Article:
There is more to Hiroshima than its tragic war history.
With seven rivers, there are many riverside walks and bridges to discover. We also enjoy walking through the neighborhood alleys and observing the daily activities of the local people. For us, it is not just the attractions but also the slice of life (for example, grocery shopping in a neighborhood green grocer or eating in a small mom-and-pop cafe where we are often the only foreign visitors) that leaves lasting memories of our visit.
We did two other major attractions:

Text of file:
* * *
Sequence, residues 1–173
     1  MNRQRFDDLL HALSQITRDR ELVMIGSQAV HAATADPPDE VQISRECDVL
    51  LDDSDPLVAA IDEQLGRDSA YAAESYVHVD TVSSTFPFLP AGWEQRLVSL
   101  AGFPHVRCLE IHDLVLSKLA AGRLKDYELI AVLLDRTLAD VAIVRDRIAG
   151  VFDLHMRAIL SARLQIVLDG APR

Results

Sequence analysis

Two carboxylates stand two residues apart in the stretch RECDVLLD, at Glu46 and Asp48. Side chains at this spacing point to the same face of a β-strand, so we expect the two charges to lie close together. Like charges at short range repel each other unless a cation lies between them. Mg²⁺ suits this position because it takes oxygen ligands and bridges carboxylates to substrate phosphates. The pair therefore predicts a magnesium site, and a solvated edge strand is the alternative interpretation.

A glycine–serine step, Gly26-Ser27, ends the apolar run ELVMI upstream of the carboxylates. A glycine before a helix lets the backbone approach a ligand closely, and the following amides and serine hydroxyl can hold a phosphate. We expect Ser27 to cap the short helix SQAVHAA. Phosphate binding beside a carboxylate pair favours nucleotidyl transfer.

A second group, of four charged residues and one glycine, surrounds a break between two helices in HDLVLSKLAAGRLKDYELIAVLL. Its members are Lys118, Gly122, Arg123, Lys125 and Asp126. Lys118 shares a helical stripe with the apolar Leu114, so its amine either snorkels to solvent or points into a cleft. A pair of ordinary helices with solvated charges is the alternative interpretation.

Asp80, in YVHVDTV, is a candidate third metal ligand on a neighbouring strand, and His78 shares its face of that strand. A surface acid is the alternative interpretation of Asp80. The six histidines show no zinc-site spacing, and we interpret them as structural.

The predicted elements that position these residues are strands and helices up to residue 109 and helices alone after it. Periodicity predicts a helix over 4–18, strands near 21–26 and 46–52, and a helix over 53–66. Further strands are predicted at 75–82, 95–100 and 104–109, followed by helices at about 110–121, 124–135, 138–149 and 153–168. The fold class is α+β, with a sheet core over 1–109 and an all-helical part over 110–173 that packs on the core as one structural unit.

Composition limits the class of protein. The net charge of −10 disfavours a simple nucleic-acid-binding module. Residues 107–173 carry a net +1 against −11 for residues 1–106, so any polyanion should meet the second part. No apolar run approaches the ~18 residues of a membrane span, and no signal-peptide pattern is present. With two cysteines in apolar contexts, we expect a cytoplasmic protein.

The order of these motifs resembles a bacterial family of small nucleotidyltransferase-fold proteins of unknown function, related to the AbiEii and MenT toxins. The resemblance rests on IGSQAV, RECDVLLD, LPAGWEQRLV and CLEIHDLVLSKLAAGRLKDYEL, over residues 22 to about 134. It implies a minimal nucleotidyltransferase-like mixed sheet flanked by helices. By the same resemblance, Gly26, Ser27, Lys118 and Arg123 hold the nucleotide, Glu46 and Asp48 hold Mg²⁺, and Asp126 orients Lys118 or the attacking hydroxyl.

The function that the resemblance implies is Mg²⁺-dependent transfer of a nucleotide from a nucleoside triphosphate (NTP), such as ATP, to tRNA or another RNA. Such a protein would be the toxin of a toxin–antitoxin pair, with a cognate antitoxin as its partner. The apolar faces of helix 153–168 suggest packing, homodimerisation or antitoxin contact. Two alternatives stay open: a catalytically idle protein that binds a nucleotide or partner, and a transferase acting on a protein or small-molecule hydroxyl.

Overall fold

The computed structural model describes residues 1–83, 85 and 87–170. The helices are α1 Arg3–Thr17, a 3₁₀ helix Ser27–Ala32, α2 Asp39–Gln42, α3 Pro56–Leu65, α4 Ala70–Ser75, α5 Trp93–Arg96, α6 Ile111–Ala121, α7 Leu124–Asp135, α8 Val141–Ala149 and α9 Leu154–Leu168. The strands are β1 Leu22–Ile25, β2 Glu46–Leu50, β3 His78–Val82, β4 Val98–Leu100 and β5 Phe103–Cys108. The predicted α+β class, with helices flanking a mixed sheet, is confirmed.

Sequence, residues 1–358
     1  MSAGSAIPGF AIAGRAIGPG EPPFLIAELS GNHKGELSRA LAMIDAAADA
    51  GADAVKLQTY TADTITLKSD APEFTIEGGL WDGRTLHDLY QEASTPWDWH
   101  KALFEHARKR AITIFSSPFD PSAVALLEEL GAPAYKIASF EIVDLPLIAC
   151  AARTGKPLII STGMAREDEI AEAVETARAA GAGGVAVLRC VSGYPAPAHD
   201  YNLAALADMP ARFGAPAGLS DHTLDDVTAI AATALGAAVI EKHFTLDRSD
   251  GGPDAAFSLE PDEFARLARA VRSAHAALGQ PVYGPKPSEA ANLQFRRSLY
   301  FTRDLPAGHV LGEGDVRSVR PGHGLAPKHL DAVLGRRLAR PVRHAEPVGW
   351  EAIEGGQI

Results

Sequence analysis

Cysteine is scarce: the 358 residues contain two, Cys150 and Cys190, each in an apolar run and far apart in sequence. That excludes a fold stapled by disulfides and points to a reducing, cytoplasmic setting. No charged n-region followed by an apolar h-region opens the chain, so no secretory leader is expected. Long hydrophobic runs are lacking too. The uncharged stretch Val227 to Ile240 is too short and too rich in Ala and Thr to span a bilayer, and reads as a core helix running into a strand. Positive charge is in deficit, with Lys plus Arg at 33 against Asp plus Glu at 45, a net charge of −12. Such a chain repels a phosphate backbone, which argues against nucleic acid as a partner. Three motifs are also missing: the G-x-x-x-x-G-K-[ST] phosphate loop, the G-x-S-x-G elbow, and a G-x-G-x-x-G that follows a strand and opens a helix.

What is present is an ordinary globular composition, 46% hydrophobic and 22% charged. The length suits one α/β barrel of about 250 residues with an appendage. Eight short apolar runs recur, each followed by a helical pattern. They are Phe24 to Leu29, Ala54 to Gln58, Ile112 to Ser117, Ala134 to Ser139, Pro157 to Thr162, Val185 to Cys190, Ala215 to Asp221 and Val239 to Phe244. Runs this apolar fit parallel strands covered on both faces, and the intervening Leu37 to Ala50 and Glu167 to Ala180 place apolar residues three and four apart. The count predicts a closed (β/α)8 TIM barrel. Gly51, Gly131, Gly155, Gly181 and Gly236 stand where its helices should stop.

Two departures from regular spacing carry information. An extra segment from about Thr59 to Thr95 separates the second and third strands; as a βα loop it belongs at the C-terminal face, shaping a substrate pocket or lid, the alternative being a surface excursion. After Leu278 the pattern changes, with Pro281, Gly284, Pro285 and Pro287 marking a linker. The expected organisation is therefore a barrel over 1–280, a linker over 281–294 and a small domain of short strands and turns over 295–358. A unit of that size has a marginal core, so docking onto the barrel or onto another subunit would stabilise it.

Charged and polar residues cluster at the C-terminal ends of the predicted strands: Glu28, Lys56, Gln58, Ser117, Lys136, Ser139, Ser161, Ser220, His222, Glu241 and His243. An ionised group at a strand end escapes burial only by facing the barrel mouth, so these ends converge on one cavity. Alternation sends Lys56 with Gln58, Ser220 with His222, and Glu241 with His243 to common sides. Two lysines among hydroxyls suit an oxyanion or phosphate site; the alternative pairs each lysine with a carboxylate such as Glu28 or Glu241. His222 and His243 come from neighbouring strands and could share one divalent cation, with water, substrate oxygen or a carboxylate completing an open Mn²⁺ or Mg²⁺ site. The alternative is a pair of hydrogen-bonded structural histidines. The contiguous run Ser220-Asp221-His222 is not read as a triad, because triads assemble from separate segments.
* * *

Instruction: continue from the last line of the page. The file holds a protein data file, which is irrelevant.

> Hiroshima Castle: sometimes known as Carp Castle. The original was built in 1590s but was destroyed by the bomb. Rebuilt in 1958 as a replica (it’s amazing in Japan that they have kept detailed construction drawings from centuries ago and if needed, that helps in rebuilding a temple or shrine or castle or garden). Three trees survived the bombing (about 740m and 935m from the hypocenter) and located within is a bunker where the first radio broadcast out of Hiroshima after the bombing.
> Shukkeien Garden (translated “the Shrunken-Scenery Garden”): a daimyo (feudal lord)’s scenic garden with over 400 years of history (origin: 1620), resembling miniaturized valleys, mountains, and forests throughout Japan. It is inspired by the Chinese West Lake in Hangzhou. Though it was heavily damaged by the bombing, it has been completely renovated based on original drawings of the garden.